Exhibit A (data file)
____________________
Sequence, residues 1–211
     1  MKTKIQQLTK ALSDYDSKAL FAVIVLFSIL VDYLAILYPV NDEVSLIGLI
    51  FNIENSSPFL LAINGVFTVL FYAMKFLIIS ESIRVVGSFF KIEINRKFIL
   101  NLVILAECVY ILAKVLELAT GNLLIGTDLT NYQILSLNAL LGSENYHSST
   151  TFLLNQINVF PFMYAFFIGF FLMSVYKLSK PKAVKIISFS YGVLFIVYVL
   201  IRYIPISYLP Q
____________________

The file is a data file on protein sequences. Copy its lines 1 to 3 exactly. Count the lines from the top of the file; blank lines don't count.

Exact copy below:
Sequence, residues 1–211
     1  MKTKIQQLTK ALSDYDSKAL FAVIVLFSIL VDYLAILYPV NDEVSLIGLI
    51  FNIENSSPFL LAINGVFTVL FYAMKFLIIS ESIRVVGSFF KIEINRKFIL